Some of the symptoms observed in patients with pyogenic flexor tenosynovitis include: 

  • Swelling of the finger
  • Redness and tenderness over the palmar side of the finger
  • Difficulty or pain when straightening the finger, hence the finger is often in a slightly bent position. 



This infection usually requires immediate medical attention and the patient may be admitted to the hospital for surgical drainage of the abscesses to relieve pressure. Intravenous antibiotics are also prescribed.




A felon refers to an infection in your fingertip. It typically affects the pulp or pad of your fingertip, causing the small compartments under your skin to fill with pus. A felon often occurs after gardening, nail-cutting or other activities that involve having sharp objects coming into contact with the fingertip. One of the known risk factors for felon is diabetics as these patients often have to undergo multiple finger pricks on a daily basis to check their blood sugar. 



Patients suffering from felon often experience extreme pain at the fingertip of the infected finger, especially when pressure is applied to the surface. Swelling may also be observed at the end of the finger. In some cases, there may be an accumulation of pus. If left untreated, the fingertip may become numb and certain finger movements may be restricted, e.g. pain may be experienced upon bending of infected finger. 



Felons are often treated with minor surgery by hand specialists or surgeons to allow drainage. Your doctor will also prescribe antibiotics to treat the infection. Sometimes the antibiotics may be changed if the infection does not clear up promptly.


Herpetic Whitlow


Herpetic whitlow is caused by herpes virus and often results in small blisters forming on the fingers, as well as the fleshy area around the fingertips. This condition is often seen in healthcare workers whose hands are frequently exposed to the saliva of patients carrying herpes.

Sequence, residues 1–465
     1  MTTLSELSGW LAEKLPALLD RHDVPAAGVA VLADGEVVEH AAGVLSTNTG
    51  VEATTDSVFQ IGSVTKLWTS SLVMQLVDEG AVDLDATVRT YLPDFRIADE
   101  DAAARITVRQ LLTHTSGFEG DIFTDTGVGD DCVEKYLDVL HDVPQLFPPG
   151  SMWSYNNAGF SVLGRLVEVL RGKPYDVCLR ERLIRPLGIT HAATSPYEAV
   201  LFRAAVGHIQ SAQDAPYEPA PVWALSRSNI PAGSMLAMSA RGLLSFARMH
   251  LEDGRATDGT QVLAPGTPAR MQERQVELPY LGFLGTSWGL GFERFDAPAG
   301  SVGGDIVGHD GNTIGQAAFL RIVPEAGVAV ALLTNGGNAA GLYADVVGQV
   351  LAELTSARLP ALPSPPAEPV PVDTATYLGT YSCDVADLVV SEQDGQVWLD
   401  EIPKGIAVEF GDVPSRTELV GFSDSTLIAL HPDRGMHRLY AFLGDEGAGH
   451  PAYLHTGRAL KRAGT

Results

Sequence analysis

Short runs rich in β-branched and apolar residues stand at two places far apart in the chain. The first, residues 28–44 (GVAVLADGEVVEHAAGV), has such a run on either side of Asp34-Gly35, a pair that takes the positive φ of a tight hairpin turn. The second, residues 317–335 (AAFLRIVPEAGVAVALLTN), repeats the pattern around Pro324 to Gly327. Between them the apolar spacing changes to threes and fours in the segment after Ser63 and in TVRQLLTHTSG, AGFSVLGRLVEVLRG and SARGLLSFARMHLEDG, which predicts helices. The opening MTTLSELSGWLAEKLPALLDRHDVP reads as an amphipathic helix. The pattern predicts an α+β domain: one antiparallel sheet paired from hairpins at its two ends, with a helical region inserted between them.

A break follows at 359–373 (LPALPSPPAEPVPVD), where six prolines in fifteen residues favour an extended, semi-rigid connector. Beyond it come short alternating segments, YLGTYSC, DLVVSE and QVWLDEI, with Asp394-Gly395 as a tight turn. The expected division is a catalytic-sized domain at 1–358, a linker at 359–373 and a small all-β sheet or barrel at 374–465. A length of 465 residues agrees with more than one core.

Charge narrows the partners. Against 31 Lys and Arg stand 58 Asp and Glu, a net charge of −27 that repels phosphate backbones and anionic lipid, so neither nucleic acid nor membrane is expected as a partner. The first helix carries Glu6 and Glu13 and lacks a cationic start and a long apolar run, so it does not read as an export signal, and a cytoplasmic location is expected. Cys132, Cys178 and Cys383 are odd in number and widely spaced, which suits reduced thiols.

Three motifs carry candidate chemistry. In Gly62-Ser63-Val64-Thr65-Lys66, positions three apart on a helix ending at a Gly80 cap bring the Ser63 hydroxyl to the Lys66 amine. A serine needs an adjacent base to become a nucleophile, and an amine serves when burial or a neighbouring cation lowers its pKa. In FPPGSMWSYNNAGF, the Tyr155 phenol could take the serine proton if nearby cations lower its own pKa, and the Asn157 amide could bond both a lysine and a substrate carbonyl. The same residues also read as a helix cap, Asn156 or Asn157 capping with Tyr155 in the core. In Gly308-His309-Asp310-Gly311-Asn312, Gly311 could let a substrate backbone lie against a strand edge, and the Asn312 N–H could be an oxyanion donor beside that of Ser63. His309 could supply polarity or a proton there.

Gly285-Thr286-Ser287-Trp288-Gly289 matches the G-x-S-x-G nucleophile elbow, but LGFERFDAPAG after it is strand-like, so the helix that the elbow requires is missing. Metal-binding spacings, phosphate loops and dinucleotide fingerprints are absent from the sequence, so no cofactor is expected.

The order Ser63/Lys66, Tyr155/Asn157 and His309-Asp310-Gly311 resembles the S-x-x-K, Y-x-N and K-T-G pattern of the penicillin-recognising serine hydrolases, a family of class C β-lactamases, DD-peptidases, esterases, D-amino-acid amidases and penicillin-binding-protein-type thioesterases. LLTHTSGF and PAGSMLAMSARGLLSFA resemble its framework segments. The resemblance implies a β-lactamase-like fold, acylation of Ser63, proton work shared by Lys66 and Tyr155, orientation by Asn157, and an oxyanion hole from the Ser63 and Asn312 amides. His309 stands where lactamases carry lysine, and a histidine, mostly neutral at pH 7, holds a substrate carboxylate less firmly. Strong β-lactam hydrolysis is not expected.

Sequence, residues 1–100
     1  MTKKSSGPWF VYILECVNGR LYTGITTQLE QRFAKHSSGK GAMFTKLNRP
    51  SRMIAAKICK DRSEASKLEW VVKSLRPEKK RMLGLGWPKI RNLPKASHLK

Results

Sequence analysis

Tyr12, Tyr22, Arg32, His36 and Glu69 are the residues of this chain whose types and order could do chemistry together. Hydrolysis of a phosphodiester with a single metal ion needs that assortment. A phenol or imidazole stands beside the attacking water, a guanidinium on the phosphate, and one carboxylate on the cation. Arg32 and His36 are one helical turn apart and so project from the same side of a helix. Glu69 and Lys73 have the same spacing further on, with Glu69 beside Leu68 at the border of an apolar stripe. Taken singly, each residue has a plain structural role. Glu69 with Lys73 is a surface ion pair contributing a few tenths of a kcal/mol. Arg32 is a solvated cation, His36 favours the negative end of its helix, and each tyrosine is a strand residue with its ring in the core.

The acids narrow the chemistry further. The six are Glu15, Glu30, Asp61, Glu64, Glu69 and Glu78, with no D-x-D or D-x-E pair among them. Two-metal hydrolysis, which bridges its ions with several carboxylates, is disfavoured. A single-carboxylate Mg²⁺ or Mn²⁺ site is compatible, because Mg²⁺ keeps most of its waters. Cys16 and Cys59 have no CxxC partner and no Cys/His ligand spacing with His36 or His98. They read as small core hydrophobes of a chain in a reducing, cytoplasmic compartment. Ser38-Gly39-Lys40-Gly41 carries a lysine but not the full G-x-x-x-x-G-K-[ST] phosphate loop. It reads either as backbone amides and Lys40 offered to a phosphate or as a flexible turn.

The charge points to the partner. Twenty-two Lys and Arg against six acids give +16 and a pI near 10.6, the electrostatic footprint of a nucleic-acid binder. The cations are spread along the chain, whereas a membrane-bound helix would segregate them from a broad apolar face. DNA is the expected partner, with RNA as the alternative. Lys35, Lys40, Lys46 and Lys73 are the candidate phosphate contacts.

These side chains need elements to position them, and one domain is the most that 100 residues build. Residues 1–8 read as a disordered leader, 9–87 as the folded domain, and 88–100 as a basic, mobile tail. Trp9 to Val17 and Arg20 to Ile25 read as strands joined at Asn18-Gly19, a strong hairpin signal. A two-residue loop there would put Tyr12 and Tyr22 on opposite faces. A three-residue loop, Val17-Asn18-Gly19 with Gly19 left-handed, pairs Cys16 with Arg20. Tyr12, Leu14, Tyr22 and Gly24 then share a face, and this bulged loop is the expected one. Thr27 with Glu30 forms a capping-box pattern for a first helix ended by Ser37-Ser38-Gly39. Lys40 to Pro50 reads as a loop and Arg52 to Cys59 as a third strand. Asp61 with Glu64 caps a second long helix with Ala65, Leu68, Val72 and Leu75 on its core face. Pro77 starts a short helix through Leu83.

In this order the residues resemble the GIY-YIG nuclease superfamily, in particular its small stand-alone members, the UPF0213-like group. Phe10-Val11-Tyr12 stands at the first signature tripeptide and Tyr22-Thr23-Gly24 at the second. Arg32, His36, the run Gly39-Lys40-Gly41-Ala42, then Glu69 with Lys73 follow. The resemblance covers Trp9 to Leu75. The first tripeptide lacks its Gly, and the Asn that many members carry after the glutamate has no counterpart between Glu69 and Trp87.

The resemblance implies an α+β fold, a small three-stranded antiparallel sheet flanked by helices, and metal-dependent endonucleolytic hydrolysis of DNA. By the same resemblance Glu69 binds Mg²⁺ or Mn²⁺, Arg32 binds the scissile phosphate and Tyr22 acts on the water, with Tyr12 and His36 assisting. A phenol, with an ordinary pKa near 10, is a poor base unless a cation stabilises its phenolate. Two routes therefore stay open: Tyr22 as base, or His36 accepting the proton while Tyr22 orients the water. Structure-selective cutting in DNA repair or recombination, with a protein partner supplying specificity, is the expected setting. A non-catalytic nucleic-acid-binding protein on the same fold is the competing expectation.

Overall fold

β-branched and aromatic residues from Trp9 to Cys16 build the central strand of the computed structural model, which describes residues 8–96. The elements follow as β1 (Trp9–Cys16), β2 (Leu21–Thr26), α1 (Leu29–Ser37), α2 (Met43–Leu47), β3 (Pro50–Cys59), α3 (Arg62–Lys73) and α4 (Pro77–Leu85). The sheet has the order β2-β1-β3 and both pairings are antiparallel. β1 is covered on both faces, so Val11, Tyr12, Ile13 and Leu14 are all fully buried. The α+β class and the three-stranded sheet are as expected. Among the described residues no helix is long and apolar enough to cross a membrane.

Some of the symptoms associated with herpetic whitlow are: 

  • Small, swollen and painful blisters
  • Numbness of the affected area 



Most herpetic whitlow do not require treatment and will heal on its own within a few weeks. However some hand specialists in Singapore may prescribe antiviral medication to shorten the duration of infection. Other conservative treatment include application of a cold compress to reduce swelling, as well as, thorough cleaning and covering of the wound with gauze.


Deep Space Infection


Our hand is divided into many separate compartments, also known as deep spaces. One or more of these deep spaces have a risk of becoming infected from a small puncture wound. These infections often affect the thumb area, palm, as well as, the web area between the bases of the fingers. Severe infections, if left untreated, can even spread to other areas, such as the wrist and forearm. 



Patients suffering from deep space infection often experience pain and swelling. 



Your hand specialist will often perform a physical examination and order diagnostic investigations to determine the location of the infection. As deep space infections have the potential to spread to other areas, the treatment will involve a combination of antibiotics, surgical drainage, as well as, proper wound care.


Septic Arthritis/Osteomyelitis


Septic arthritis is a painful and severe infection in the joint that can come from germs, bacteria or fungus travelling through your bloodstream from another part of your body. Septic arthritis can also be caused by a penetrating injury, such as from an animal bite or trauma delivering germs directly into the joint. 


Infants and older adults are more at risk of developing septic arthritis.



Septic arthritis usually causes extreme discomfort and difficulty in using the affected joint. Other symptoms include swelling and redness of the affected area. Some patients may also develop a fever. As septic arthritis is severe, when left untreated, it may spread to the bones and cause infection of the bone (osteomyelitis) with rapid destruction of the cartilage.



The treatment process typically requires one or more surgical procedures to remove the infected tissue and many patients may also require weeks of intravenous antibiotics.


Every case is different, hence it is best to consult a hand surgeon to determine the treatment method that is most suitable for you. Reach out to us today if you are suffering from a hand infection and let us help you.